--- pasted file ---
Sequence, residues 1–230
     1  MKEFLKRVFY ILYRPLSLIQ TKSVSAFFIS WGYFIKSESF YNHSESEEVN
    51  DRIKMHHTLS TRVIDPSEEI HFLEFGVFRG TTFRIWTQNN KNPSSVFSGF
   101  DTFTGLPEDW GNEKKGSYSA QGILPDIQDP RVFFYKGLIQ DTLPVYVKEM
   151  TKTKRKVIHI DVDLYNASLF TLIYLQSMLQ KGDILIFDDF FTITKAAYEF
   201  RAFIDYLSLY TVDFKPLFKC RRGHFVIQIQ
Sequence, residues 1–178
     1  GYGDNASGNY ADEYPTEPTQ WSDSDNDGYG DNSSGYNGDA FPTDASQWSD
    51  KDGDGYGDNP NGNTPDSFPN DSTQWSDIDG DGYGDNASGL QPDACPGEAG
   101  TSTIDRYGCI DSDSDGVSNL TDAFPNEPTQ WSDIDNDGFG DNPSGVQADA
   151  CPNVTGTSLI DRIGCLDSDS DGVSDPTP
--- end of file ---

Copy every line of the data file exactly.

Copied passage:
Sequence, residues 1–230
     1  MKEFLKRVFY ILYRPLSLIQ TKSVSAFFIS WGYFIKSESF YNHSESEEVN
    51  DRIKMHHTLS TRVIDPSEEI HFLEFGVFRG TTFRIWTQNN KNPSSVFSGF
   101  DTFTGLPEDW GNEKKGSYSA QGILPDIQDP RVFFYKGLIQ DTLPVYVKEM
   151  TKTKRKVIHI DVDLYNASLF TLIYLQSMLQ KGDILIFDDF FTITKAAYEF
   201  RAFIDYLSLY TVDFKPLFKC RRGHFVIQIQ
Sequence, residues 1–178
     1  GYGDNASGNY ADEYPTEPTQ WSDSDNDGYG DNSSGYNGDA FPTDASQWSD
    51  KDGDGYGDNP NGNTPDSFPN DSTQWSDIDG DGYGDNASGL QPDACPGEAG
   101  TSTIDRYGCI DSDSDGVSNL TDAFPNEPTQ WSDIDNDGFG DNPSGVQADA
   151  CPNVTGTSLI DRIGCLDSDS DGVSDPTP